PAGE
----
Get the Recipe
There are certain dates that just seem to have some kind of cosmic significance. For Doc Brown, that date might be November 12, 1955. For me, it might be November 22, 2012. That was not only the day that I discovered the best jerk chicken I've ever eaten, behind a Detroit strip club—it was also the day that I bought myself the Martin mini guitar that has become my constant traveling companion, and the day that I first tried chicken enchilada soup.
The latter we bought from Le Dog, a bright red shack in downtown Ann Arbor that serves hot dogs and homemade soups. At the time, the menu changed every day, and the stand served over 400 different soups each year. So it really was a matter of luck that I happened to taste this particular soup on this particular day, and the likelihood that I'll ever have it from Le Dog again is close to zero.* The hut has since moved from its outdoor location to an indoor spot on Main Street, though I believe it still serves the same variety of soups.
* Though the creamy chicken tortilla soup that's always on the menu is similar and excellent!
It was love at first spoonful. The broth was rich and creamy, with a thick, tongue-coating texture that straddled that border between soup and stew. It had a savoriness from melted cheese and the spicy, toasty flavor of chilies, while still managing to be bright and fresh. Little nubs of sweet corn and black beans (canned, no doubt, but no less tasty for it) filled up each bite, along with tender bits of shredded chicken. It was like drinking deliciously inauthentic liquid enchiladas, and I couldn't think of anything I would have wanted more in that cold Michigan drizzle.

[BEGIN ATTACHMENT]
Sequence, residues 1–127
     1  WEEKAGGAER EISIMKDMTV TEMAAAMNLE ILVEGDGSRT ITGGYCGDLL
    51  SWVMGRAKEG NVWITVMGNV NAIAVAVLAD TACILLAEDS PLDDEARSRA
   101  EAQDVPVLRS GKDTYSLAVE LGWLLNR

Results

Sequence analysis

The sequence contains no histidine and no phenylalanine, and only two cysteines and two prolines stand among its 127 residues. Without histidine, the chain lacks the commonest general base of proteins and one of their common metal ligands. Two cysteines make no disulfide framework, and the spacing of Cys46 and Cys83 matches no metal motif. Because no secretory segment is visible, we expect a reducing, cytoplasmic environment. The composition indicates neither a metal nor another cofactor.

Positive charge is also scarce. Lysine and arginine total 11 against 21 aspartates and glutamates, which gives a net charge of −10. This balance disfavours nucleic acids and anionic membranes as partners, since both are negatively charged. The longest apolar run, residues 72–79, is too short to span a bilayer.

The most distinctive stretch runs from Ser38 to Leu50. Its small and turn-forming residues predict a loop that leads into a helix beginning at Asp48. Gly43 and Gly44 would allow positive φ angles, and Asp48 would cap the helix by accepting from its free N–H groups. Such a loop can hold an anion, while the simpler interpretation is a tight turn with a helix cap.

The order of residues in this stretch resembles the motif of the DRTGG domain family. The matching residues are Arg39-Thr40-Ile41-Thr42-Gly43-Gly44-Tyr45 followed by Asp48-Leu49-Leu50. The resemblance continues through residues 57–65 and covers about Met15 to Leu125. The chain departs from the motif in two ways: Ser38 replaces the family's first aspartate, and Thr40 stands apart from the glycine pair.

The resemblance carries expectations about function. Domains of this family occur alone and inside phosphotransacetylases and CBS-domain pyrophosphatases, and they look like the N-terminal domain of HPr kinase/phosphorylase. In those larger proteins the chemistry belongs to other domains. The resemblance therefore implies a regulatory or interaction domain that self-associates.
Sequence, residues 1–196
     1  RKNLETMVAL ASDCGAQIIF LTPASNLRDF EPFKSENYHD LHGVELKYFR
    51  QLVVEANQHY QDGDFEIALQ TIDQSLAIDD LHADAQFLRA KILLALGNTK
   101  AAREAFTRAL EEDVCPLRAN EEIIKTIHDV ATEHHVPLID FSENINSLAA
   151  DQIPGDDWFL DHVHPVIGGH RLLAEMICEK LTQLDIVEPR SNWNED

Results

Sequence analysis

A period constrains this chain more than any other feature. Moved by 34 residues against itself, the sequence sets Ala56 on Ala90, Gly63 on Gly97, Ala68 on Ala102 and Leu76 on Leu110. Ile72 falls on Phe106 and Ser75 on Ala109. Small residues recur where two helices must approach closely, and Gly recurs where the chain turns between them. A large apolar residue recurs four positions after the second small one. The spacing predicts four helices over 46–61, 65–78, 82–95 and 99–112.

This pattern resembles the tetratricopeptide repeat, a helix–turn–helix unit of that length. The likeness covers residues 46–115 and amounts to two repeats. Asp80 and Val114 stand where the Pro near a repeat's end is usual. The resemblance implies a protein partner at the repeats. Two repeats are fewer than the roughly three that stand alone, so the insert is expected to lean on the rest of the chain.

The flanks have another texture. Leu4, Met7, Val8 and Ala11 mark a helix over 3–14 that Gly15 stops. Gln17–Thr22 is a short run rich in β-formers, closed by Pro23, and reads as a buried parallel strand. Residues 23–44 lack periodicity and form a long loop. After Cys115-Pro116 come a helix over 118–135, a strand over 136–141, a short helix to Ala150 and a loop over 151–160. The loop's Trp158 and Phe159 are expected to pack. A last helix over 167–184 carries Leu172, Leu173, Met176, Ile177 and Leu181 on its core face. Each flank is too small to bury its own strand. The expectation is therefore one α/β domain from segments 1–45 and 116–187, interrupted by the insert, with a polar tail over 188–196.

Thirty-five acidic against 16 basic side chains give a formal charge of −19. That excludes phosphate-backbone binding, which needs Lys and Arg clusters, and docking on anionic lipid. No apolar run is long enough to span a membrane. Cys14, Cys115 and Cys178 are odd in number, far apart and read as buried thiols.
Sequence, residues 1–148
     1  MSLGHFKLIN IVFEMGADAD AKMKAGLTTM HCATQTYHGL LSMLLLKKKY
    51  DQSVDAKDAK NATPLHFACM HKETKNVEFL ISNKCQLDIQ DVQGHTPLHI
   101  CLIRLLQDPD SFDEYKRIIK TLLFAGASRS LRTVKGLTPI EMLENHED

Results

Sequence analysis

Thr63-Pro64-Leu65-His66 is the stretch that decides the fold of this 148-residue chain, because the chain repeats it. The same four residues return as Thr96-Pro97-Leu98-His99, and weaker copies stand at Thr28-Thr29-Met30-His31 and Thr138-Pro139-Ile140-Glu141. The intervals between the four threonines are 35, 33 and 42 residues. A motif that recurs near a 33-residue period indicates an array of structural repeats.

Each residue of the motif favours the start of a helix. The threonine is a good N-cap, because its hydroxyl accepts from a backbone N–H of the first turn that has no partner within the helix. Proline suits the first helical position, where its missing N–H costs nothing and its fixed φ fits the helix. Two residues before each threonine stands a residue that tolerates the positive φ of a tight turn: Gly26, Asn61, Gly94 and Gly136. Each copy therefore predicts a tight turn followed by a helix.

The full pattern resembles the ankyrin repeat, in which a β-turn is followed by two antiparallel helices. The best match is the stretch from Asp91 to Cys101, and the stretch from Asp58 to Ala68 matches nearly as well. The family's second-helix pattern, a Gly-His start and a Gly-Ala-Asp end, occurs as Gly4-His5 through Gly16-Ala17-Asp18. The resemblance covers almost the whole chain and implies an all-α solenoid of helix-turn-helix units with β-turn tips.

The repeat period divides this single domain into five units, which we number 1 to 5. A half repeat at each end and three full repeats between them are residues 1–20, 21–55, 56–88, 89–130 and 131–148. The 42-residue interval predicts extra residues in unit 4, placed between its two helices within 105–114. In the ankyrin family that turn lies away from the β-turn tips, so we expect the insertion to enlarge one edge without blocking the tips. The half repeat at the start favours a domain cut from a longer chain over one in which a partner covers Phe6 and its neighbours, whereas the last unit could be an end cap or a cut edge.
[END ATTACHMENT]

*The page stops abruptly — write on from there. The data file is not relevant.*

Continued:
I haven't had that soup in three years now, and, in fact, I hadn't really thought about it much until this winter, when the shocking truth of the weather in San Mateo revealed itself: It gets cold here. I'm out and about in my backyard in a T-shirt and flip-flops while the sun is out, but as soon as it gets dark, the frost starts to form on the grass. That's the kind of temperature swing that demands a warm, rich soup.
If you do a web search for "chicken enchilada soup," the vast majority of the results are of the "open five cans and stir them together" type of recipe. Nothing wrong with that,** but it's just not typically how I cook at home. My goal was to make a chicken enchilada soup with a more complex, developed flavor, and the first step was to use whole dried chilies in lieu of canned enchilada sauce.
If there's one thing you can do to instantly improve any recipe that calls for chili powder, it's to replace it with a homemade chili purée made from whole dried chilies. Here, I start by simmering guajillo and ancho chilies in chicken stock, along with a whole split chicken breast, until the chilies are tender and the chicken is cooked through. Using bone-in, skin-on chicken helps add flavor and gives the chicken better texture.
Next, I purée the chilies in the blender along with a little of the stock and a block of cream cheese. I experimented with different types of cheese to give the soup the best body and flavor, and found that a mixture of cream cheese and shredded pepper jack cheese works best.
From there, the rest takes place in one pot: I sauté onions and garlic until tender, then add some fresh corn kernels (they've got a much better texture than canned for a quick-cooking soup like this), some drained canned black beans, chopped tomatoes, and some chopped Hatch chilies. (I keep a batch of them frozen throughout the year, though a good brand of canned Hatch chilies works fine in a soup.)
Finally, I stir the chili-infused broth and the chili–cream cheese purée back into the pot, shred up the chicken meat and stir it in, add a shot of lime juice and vinegar for brightness, and let it simmer just until the flavors come together.
I doubt that I'll ever have a chance to re-create that first Michigan soup experience (at least, not without the help of a modified DeLorean and a flux capacitor), but, to be honest, a soup-filled future is far more exciting than a soup-filled past.